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How Old Is Europe

… and we think 100 years is old.

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RHODES, Greece- My daughters are digging holes in the front yard. They are pretending to be archaeologists. They are looking for artifacts … and finding them.

When I was a kid digging up my mom’s backyard pretending to be an archaeologist the only thing I ever found was a chicken bone. Yes, a chicken bone that my mom told me was a dinosaur bone and I believed her. I would go around telling people that I found a dinosaur bone and show them the chicken bone.

But I would eventually get even with my mother for making me look like such a fool. When I grew up I became an archaeologist.

Americas and Australians will never be able to fully comprehend what old is. To us, 100 or 200 years is old, but that’s just a flashing moment for Europe. This is a region of the world where a 1,000 year old building conjures little more than a “that’s pretty neat” kind of response … if that.

I’ll put it this way: I once spent a month at a house in France that was older than my country.

So the 1,500 year old monastery that’s on the hill behind my house in Rhodes is, well, normal.

We walked up to it the other day. Along the walk, covering the hillside were the ruins of other historic buildings. But, although old, it’s all still culturally alive.

A group of men were repairing a church that for some reason was placed on a switchback. It was completely removed from any villages or other population centers. It was even a good ways away from the monastery. maybe something happened there once that the people wish to remember? I watched as the men rebuilt the front entrance. It looked as if they had recently finished repainting it.

The monastery itself was in immaculate condition. For 1,500 years the place stood on that hilltop. Although I do not believe it is currently in operation, it is still more or less used: there were locked doors to rooms that appeared to still have a function.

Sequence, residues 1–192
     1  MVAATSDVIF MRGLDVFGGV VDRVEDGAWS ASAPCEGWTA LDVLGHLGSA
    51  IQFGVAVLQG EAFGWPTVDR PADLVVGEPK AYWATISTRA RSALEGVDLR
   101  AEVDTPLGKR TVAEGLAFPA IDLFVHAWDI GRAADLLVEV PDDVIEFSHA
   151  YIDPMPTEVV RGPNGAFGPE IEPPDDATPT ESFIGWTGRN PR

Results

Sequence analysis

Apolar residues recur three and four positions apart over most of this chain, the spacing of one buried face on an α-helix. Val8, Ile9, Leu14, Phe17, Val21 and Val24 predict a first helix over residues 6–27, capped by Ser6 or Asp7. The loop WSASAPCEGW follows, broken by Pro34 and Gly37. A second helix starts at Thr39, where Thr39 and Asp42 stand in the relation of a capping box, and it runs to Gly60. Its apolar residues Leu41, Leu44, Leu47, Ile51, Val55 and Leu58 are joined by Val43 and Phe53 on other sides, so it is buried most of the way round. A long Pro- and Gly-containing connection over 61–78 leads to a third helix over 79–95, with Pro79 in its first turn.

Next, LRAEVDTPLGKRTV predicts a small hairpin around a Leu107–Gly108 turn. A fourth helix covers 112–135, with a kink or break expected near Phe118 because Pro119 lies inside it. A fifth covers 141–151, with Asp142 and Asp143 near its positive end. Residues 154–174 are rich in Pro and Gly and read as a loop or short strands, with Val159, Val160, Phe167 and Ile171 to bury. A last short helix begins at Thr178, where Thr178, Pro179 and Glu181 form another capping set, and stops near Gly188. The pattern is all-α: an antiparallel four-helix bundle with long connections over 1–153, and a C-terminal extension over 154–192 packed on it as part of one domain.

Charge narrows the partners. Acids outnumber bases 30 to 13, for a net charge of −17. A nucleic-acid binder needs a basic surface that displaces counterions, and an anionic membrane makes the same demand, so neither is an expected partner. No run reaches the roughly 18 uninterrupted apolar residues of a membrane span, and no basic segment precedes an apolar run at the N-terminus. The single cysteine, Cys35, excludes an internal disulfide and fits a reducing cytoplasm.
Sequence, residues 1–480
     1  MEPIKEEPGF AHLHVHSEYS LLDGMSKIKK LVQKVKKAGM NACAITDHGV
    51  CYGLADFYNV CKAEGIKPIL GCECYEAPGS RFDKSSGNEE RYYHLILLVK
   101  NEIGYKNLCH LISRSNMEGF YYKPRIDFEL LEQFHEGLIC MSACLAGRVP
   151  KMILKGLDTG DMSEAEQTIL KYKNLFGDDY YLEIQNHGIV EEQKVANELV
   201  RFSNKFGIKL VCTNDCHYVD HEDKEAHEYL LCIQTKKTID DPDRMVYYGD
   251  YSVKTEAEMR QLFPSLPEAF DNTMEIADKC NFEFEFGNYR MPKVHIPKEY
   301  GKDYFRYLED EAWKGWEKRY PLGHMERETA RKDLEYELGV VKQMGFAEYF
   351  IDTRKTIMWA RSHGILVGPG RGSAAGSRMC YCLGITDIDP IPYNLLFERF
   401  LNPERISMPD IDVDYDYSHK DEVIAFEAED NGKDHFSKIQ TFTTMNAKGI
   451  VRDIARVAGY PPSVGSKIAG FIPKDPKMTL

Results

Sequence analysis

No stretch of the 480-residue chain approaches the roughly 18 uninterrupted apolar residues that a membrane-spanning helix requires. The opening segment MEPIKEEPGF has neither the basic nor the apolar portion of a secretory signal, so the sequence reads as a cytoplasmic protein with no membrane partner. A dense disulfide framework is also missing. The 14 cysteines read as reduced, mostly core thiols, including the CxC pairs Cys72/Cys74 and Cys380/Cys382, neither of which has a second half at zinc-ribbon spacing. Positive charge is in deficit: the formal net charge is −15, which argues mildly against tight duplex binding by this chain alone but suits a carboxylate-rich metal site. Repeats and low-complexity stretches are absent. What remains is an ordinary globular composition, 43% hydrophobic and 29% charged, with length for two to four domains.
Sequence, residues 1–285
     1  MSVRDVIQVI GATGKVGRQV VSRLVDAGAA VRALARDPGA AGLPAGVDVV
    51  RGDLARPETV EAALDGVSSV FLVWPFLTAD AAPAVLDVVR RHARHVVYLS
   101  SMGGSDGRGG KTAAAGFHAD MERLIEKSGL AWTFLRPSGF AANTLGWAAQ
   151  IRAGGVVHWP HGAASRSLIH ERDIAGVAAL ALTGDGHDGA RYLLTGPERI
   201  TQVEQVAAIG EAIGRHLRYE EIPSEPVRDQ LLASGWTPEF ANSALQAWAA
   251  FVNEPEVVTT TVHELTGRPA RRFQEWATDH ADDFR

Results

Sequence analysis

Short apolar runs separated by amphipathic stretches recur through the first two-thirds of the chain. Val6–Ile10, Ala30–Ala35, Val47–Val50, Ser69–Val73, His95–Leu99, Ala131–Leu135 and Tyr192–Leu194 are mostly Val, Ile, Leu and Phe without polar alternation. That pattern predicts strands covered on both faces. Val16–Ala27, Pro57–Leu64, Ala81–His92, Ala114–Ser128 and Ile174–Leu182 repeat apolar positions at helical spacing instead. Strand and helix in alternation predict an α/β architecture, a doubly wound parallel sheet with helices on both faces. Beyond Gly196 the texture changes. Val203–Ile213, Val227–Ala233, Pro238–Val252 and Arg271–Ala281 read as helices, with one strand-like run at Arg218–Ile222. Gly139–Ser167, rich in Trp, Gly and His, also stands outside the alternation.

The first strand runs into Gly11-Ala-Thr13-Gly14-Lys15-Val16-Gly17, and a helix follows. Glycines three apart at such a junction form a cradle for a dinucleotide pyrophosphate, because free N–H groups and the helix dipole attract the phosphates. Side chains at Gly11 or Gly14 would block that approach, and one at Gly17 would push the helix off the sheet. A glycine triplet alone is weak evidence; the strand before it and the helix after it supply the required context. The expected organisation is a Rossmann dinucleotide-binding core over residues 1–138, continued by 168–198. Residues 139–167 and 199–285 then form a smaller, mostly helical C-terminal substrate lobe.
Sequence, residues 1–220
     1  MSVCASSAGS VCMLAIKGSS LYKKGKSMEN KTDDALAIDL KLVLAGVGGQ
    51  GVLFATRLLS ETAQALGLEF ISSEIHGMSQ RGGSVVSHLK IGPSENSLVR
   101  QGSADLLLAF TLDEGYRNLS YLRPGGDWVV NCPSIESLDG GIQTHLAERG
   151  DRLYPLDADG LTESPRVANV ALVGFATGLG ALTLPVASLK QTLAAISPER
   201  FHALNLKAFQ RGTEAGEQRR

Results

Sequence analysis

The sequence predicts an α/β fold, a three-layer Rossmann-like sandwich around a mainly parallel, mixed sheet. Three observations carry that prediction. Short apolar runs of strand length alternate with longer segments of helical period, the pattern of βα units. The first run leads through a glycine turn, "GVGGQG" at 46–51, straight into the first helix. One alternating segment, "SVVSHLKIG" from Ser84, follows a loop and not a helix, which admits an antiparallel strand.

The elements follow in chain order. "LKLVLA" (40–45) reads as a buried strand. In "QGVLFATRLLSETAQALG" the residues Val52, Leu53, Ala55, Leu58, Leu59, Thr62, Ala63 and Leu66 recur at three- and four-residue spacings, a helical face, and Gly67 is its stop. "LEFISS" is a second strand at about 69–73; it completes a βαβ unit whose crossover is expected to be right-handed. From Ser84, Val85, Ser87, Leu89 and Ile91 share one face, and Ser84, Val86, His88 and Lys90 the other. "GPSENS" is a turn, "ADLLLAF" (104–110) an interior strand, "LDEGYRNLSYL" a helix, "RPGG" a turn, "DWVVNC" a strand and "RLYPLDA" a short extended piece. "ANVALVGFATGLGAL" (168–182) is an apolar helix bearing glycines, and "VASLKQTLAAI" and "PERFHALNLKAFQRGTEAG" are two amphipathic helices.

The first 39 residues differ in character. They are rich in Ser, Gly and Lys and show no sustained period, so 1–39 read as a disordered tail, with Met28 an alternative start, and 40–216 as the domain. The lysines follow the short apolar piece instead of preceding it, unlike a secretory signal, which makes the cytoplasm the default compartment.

In front of the monastery there was a temple for Aphrodite. It was built over two thousand years ago.

I walked through the backyard and into the small wooded area behind the monastery that lead to a cliff that overlooked the town and the sea far below. All of the uniformly painted white houses bunched up on the slope down to the sea like a pile of mahjong chips at the end of a game. The sea itself combined with the sky to make a sandwich of blue.

It wasn’t difficult to understand why thousands of years worth of people would keep building religious structures up here.

Various waves of prehistoric peoples didn’t begin coming to North America until 17,000 years ago. We know little about these people, calling them by the blanket term “Clovis people” because of the innovative spear points they used — which, not coincidentally, were pretty much the only thing they left behind. But here in Greece the view into history is much deeper and there is a direct line from the people who built the shrine to Aphrodite to the people who built the monastery to the people who built the church to the people who were walking around today looking at it all.

Olive orchard


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Filed under: Greece, History, Travel Diary

About the Author:

I am the founder and editor of Vagabond Journey. I’ve been traveling the world since 1999, through 91 countries. I am the author of the book, Ghost Cities of China and have written for The Guardian, Forbes, Bloomberg, The Diplomat, the South China Morning Post, and other publications. has written 3720 posts on Vagabond Journey. Contact the author.

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VBJ is currently in: New York City

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